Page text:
Sun, Aug 21, 2011 - Page 8 News List

Pollution of the Sifen River must be stopped

By Chiu Hei-yuan 瞿海源

For the most part, Taipei City Government policies emphasize development while neglecting the environment. This can be seen in the Taipei Dome development project, the development project for the Kuang Tzu Senior Citizens’ Home (廣慈博愛院) and the development project for the 144 hectares of land designated for commercial use at the former No. 202 Artillery and Ammunition Plant.

The only exception appears to be the government’s plan to seal off the Sifen River (四分溪) in Nangang District (南港) to protect fish, which seems to emphasize ecological conservation. However, considering the city’s drive to push development projects, it is not certain that the Sifen River plan will go ahead.

Several of Taipei’s build-operate--transfer (BOT) development projects involve handing large tracts of land over to developers so they can carry out high-intensity construction projects such as the Taipei Dome, large shopping malls and luxury housing estates. Such developments maximize profits for the developer while providing as little environmental protection as possible.

During the decisionmaking process, reviews on urban planning and environmental impact assessments, the city government sides with developers and pays little attention to the welfare of the environment and ecology.

The Sifen River project is the first time the city government has approved a plan to close off of a river to protect fish. The government should also encourage the relocation of factories and facilities in the entire river basin to stop them from polluting and harming the area’s environment and ecology, especially in the upper reaches of the stream, where factories should be banned altogether.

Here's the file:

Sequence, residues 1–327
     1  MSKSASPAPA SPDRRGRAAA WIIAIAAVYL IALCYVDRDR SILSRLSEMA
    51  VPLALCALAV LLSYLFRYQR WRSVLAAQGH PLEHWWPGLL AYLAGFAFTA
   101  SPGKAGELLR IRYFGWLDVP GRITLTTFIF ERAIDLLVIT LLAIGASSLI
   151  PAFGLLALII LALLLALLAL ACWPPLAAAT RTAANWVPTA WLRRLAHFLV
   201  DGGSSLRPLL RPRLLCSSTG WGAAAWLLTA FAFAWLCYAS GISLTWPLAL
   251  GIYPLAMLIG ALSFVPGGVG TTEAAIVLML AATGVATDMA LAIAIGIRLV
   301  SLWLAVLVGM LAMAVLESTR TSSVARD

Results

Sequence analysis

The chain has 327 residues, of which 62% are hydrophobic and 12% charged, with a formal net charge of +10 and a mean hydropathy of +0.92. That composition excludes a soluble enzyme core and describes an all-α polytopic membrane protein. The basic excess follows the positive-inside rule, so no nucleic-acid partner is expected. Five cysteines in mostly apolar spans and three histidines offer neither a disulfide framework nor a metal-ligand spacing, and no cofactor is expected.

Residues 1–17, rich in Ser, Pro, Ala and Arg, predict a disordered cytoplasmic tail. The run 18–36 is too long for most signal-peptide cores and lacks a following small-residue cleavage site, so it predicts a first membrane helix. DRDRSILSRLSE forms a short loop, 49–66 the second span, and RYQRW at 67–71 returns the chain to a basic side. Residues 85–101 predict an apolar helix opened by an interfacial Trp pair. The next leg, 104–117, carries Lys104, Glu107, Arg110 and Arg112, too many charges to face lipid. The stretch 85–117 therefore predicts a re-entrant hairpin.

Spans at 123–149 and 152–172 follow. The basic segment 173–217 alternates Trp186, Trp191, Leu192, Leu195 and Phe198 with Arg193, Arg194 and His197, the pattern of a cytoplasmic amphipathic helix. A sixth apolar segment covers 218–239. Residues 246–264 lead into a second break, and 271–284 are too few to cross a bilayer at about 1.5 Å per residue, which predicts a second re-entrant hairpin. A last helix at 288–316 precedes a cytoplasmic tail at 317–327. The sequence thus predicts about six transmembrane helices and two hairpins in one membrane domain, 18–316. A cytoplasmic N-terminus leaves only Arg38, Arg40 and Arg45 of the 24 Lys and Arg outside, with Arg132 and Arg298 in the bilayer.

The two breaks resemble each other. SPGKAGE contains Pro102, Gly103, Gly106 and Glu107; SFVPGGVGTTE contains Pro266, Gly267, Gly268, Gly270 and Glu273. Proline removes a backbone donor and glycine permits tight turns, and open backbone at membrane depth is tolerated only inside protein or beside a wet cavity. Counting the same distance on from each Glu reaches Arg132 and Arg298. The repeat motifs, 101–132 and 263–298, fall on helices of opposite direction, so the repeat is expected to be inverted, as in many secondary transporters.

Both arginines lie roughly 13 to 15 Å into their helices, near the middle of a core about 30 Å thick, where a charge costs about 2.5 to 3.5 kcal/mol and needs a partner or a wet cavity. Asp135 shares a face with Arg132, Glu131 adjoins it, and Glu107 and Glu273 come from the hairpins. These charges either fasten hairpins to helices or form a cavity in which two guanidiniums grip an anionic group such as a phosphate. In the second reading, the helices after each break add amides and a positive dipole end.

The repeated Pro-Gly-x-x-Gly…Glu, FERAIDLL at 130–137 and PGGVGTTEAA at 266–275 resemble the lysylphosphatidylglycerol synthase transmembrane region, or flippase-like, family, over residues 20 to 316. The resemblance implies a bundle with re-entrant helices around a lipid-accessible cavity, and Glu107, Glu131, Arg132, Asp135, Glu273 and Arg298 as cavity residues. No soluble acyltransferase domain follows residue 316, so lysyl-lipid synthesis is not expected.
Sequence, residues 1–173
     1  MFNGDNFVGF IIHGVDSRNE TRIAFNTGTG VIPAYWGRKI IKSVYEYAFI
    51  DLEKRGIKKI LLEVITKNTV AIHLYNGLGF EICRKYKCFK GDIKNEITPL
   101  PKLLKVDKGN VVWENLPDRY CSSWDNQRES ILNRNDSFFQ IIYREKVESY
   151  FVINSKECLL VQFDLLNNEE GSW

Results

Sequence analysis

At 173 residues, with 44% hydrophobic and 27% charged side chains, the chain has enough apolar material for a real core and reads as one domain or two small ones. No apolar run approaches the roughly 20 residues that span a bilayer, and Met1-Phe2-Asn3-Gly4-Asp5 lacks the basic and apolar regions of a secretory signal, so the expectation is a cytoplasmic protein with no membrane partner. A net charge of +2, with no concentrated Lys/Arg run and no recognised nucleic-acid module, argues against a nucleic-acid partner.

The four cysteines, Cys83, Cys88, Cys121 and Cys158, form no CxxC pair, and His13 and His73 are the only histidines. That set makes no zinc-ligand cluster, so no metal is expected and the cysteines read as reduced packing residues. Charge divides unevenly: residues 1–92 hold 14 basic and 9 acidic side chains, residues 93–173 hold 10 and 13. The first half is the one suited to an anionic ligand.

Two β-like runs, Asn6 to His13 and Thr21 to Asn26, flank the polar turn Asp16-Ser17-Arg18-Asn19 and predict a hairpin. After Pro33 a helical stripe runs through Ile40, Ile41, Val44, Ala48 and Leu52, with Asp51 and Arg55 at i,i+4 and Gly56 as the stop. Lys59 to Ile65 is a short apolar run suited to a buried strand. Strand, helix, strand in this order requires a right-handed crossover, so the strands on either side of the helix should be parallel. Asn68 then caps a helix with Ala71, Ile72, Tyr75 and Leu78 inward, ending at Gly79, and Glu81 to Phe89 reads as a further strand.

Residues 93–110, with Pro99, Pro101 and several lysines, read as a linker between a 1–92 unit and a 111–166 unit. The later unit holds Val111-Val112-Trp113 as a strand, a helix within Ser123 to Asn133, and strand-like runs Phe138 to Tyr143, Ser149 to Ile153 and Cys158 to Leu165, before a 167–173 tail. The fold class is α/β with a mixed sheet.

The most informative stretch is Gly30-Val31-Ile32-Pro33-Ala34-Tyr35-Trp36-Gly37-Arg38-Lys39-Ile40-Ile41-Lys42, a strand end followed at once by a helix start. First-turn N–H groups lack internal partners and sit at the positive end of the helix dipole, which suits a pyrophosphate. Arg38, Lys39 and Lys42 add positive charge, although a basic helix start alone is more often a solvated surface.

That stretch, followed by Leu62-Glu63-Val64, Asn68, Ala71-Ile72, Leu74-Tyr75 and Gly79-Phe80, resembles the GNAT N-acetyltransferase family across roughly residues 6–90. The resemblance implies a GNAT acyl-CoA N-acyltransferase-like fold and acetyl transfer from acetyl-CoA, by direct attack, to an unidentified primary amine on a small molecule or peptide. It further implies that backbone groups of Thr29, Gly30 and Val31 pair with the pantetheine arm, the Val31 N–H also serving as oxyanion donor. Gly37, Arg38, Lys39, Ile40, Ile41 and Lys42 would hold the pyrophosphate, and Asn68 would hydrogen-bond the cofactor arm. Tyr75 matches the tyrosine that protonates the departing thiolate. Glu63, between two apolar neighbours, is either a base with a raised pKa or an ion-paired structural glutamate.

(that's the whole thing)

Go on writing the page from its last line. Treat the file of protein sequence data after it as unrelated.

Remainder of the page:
However, the city government does not seem to have a clear plan to do this.

For a long time, officials have allowed a soil dump to dump polluted water into the Sifen River. Just recently, this soil dump once again pumped large volumes of polluted water into the river from a discharge point it had installed.

Members of the public involved in the plan to block off the river to protect its fish notified the city government via a citizens’ hotline and then followed inspectors from the Department of Environmental Protection when they inspected the area.

However, the inspectors only issued an oral warning. Only after local residents and a local community development association filed several complaints did the government reluctantly issue the legally required fines.

This soil dump, located near the source of the Sifen River, has been dumping polluted water and other unidentified materials into the river for a long time. The soil dump has breached the Soil and Water Conservation Act (水土保持法) and the Water Pollution Control Act (水汙染防治法) many times and it has been fined by the city’s Building Administration Office and Department of Environmental Protection.

In February, the soil dump’s operational period expired: The city government should not have allowed it to continue operations.

If the Taipei City Government is really serious about promoting its policy to block off the Sifen River to protect fish, then officials really must stop companies from dumping polluted water into it. It would be best if officials revoked the operational licenses of all the companies along the river that break regulations.

This is the only way the 7km of the Sifen River will ever be cleaned up.

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